In and outs of confined spaces
Working safely in confined spaces really comes down to using the right equipment, and using it in the correct manner. Given that, Robert Weeks - a health and safety trainer - is surprised that awareness of the basic apparatus is often lacking.I work in health and safety training, and I am always interested to discover where the gaps in trainee knowledge lie. In confined spaces, the correct approach to access and egress is crucial, but awareness of some of the basic apparatus involved is often lacking.
It is clear from my experience that people are regularly going in and out of confined spaces without using the proper combination of equipment. In recent times, workers have been known to lower others into shafts using nothing more than a rope. But, more frequently, errors arise even when proper equipment is available.
Many confined spaces in the water industry are accessed via a vertical shaft, perhaps the simplest example of which is a manhole. A typical manhole is equipped with a ladder - or step irons attached to the wall - providing the primary means of access and egress. This situation, with a means of climbing up and down, is one of the two general modes of confined space entry.
Naturally, entry by a manhole like this means that the Work at Height Regulations 2005 would need to be considered. This is because it is likely that a person could fall a distance - this is liable to cause personal injury. The person would therefore need to be protected against falling, using the appropriate fall-arrest equipment.
A suitable approach would probably include a full-body harness, with front-and-rear D attachment points, a fall arrest block, and an anchorage point such as a tripod. This basic system would arrest the fall, but assumes the person involved would be able to self rescue - get back to safety by using the ladder or step irons.
In order to fully comply with Regulation 5 of the Confined Spaces Regulations 1997, there must be "suitable and sufficient arrangements for the rescue of persons in the event of an emergency". The fall-arrest block should incorporate a recovery mechanism, to enable an incapacitated person to be retrieved. Such devices are now readily available, and combine both fall arrest (EN360) and a winch mechanism (EN1496 parts A & B). It should be noted that such a winch is only intended for emergency, or occasional, use.
Not all vertical access shafts are equipped with ladders or steps, in which case it becomes necessary to use access/egress equipment - also known as man-riding - to lower and raise personnel. For this application, the equipment is likely to comprise a full-body harness with front- and-rear D attachment points, a winch and an anchorage point, such as a tripod. This system now provides the primary means of access and egress.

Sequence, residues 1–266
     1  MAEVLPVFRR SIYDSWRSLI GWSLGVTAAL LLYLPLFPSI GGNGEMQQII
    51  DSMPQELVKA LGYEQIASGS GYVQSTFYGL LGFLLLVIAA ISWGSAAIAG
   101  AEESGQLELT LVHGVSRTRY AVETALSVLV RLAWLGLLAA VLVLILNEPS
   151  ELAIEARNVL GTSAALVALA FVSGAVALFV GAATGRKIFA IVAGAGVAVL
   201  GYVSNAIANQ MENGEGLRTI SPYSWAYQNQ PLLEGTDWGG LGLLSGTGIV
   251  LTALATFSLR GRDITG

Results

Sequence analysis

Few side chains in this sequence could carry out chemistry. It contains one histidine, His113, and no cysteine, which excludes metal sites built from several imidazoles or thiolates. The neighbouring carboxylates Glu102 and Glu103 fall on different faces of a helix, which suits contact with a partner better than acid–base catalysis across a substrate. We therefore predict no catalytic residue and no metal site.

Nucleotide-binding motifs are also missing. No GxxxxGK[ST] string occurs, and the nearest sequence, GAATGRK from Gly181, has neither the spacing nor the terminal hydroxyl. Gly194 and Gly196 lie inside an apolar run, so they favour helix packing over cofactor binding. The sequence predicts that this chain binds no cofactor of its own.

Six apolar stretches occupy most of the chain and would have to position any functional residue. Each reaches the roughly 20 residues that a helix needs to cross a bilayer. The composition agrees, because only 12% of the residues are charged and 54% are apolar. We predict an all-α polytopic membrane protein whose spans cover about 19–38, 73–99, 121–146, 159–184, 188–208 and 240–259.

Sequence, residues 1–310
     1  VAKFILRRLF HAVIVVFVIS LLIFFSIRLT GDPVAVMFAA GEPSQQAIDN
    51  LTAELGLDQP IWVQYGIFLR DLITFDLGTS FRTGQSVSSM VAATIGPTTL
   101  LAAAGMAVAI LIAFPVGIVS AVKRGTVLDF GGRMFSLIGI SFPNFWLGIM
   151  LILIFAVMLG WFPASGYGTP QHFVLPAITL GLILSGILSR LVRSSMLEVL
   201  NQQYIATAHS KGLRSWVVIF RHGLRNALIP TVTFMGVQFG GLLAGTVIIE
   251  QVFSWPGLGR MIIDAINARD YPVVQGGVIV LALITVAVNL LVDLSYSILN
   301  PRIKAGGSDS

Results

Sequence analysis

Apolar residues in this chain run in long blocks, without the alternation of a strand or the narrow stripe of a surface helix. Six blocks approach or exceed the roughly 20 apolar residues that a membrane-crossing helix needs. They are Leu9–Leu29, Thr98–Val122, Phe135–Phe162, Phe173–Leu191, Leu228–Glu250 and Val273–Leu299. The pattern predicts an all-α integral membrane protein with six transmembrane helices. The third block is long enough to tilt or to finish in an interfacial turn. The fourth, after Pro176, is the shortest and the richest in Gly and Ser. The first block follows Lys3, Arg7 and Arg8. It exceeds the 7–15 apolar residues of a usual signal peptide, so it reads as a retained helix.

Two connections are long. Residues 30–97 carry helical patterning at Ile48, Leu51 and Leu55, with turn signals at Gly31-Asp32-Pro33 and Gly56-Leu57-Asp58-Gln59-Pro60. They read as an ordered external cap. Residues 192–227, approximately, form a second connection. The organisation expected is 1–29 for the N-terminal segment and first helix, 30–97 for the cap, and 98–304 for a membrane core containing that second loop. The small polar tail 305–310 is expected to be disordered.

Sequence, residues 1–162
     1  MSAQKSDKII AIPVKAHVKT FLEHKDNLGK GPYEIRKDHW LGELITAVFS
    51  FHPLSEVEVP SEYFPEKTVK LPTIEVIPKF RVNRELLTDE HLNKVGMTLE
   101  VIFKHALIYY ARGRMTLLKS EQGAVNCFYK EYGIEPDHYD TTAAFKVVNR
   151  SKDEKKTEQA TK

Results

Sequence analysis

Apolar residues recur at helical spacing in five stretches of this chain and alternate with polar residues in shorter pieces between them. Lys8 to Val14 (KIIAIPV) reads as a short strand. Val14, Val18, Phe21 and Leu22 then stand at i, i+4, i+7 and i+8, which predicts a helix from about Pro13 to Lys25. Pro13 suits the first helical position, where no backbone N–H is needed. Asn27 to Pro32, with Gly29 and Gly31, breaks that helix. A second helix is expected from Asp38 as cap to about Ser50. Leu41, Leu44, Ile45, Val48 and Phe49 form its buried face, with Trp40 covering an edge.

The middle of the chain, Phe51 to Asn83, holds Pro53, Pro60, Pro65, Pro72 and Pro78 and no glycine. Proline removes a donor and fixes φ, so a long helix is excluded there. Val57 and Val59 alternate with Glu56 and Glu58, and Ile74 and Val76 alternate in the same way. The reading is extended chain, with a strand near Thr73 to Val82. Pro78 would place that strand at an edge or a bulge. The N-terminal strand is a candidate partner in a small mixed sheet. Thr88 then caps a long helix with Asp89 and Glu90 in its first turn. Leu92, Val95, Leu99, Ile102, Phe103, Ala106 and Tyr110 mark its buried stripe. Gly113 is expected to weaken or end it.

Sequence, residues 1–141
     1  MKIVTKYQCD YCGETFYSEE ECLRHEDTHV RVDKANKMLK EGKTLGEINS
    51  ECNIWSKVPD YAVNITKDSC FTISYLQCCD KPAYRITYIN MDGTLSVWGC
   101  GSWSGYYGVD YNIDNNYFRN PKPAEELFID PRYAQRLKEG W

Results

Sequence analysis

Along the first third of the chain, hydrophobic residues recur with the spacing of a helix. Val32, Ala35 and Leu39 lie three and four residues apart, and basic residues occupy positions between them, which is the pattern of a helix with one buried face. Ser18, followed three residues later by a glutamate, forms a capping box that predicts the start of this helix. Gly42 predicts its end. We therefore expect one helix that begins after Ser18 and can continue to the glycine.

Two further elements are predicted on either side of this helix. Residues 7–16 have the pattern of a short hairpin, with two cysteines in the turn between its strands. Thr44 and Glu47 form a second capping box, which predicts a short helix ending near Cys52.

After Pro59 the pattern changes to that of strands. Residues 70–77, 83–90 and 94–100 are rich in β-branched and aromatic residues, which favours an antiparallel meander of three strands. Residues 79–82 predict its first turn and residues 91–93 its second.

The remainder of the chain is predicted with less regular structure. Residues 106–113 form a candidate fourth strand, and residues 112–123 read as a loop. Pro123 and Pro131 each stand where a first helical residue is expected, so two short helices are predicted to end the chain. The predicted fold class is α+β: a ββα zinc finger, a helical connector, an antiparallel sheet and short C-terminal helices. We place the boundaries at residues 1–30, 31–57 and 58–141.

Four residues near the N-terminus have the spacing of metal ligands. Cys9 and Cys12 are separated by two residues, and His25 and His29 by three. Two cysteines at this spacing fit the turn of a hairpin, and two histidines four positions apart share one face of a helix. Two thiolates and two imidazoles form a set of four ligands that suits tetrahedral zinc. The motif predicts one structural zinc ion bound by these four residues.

But this system needs a secondary backup to safeguard against a catastrophic failure of the primary system - that is, the winch. The best option is, again, the use of a recovery block, as it will both arrest the fall and provide the means to recover the person.
To summarise, the two modes of access and egress are:
- Primary - ladder, or step irons; secondary - recovery block (fall arrest and winch)
- Primary - winch-based man-riding system; secondary - recovery block (fall arrest and winch)
While there is no rule to ensure that workers remain attached to the fall-arrest lifeline - when actually at work in the confined space - it is safer practice to stay hooked up to the line, if possible, in case of an emergency escape.
In both modes of entry, a full body harness is essential equipment. Waist belts can be used for work restraint, or positioning, but under no circumstances must they be used for fall arrest. With various attachment points to a body harness, it is perhaps not surprising they are often a source of confusion.
Full-body harnesses, used for fall arrest, must meet the EN 361 standard and, as a minimum, be fitted with a rear D attachment point. This attachment point must be above the centre of gravity of the wearer, and should be adjusted so as to be between the shoulder blades, or slightly higher.
A front D attachment point may also be used for fall-arrest purposes, if fitted. Both of these attachment points may also be used for access, egress, rescue and retrieval purposes.
Some higher-specification harnesses also include a waist belt. Although the waist belt is obviously an integral part of this type of harness, the side D attachment points must once again only be used for work restraint, or work positioning - never for fall arrest.
Full-body harnesses for confined space use often feature an additional attachment point fitted from the top of the shoulder straps. The attachment point or loop complies with the requirements of EN 1497.
This attachment point can only be used for access/egress, rescue and retrieval purposes. It must not be used as a fall arrest attachment point.
Robert Weeks is business manager at CSTS.
T: 01925 244144